Lichtenbergian Goal #1: to continue my painting/drawing, which has two avenues at this point, and I’m thinking of adding a third.
First of all is my Field series, which began with a couple of news photos the composition of which I thought would make a good basis for abstract paintings. Those first two were based directly on the photos. Indeed, the first one I actually painted over the photo itself.
The main issue I’m exploring now is how to create these compositions on my own without bogging down in the “figures playing in snow” motif. (That’s exactly what the first two were based on, of course.)
Many of the avenues I’ve tried recently don’t really work, which is the point. Keep exploring until you find something that does. Then the problem is how to use that which works without it becoming cliché. It’s the accursed cycle of creativity.
With the portraiture, I have two problems I need to solve. The first is the ongoing issue of verisimilitude: does what I’ve painted accurately reflect the subject? Can you “tell who it is”? That’s what I was working on fairly assiduously in my sketchbook, until it dawned on me that it did me very little good to be able to draw Jeff’s face if I had then to turn around and use paint to achieve the same goal.
(Which is not to say that the drawing is not critical to the painting. It is: it allows me to see in a more leisurely and forgiving, and cheaper, medium how faces are put together.)
The second issue is that of style. If we assume that in this best of all possible worlds I will end up with a eight-foot long oil painting of the Lichtenbergians standing in the labyrinth, then what do I want it to look like? Caravaggio-like finish? Rembrandt? Renoir? Bacon? Hockney? Something new, readily recognizable as Lylesian even?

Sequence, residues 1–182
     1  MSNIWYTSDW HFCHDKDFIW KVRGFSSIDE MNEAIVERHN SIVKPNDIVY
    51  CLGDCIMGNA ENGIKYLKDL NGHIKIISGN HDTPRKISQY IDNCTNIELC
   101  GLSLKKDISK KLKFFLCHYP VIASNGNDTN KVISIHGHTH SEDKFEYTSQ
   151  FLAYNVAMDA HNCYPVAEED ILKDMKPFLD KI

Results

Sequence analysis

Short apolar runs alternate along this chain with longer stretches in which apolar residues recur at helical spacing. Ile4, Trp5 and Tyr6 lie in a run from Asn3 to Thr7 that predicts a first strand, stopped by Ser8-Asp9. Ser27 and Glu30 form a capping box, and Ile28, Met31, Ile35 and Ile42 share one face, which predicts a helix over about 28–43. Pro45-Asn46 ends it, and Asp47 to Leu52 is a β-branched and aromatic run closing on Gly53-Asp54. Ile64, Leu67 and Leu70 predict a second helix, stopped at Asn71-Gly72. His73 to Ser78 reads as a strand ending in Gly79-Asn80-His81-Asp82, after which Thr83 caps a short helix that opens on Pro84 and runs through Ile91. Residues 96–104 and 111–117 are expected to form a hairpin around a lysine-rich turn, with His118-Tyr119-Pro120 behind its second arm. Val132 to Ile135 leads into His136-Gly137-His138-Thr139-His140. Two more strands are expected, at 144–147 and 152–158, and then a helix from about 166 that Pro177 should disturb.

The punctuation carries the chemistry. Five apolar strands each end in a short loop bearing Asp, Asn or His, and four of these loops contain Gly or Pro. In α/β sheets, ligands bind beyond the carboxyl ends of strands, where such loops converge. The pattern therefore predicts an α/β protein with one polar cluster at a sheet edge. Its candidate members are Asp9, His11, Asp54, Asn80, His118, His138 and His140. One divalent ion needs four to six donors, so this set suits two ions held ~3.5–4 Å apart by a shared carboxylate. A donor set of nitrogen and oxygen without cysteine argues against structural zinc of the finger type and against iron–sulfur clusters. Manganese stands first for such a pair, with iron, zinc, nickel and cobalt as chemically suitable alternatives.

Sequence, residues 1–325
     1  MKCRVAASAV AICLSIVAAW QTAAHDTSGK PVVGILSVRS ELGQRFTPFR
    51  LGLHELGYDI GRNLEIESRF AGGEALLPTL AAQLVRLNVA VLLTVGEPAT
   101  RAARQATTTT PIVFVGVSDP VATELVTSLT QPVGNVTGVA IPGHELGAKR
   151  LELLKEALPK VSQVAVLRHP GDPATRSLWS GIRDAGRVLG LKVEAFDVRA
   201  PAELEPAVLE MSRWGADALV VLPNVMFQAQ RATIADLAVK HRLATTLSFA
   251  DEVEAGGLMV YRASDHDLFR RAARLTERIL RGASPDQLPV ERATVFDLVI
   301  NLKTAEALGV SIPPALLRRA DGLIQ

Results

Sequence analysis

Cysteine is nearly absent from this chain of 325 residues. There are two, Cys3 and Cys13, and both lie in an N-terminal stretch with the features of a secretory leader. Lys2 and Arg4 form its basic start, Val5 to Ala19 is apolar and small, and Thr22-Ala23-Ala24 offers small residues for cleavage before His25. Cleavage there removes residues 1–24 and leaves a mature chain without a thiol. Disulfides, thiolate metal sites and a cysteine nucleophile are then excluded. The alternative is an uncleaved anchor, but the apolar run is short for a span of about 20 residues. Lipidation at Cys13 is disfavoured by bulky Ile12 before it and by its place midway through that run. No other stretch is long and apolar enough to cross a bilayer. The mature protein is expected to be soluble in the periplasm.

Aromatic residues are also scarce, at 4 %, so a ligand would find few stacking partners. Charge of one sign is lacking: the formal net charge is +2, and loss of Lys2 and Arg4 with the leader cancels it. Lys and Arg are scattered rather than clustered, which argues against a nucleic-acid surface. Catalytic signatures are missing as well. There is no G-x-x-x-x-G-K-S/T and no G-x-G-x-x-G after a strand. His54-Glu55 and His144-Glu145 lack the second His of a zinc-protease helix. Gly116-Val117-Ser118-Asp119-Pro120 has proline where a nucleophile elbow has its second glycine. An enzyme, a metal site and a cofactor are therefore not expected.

What kind of stylistic approach will best achieve my goal, which is to show a group of men who have a certain authority just by dint of having lived? To show the aging of the male body not as a matter of decay but of changing, even growing, powers? Can I even do that?
With the Field series, my plan of attack is to continue working on the pieces I have currently going, i.e., IV and V, then grow from there.
With the ELP, my plan of attack is two-fold: quick stylistic studies, and slower, more layered attempts at verisimilitudinosity.
I foresee two stumbling blocks that my Lichtenbergian self will seize on as excuses not to proceed, and that is that I am already chafing at the size restrictions with the Field series, and at the limitations of gouache as a medium overall. However, I have no room for larger canvases/boards, and I certainly cannot afford to fill them with oils, which have environmental issues of their own.
Oh. The third avenue. I may start exploring collage. That is all.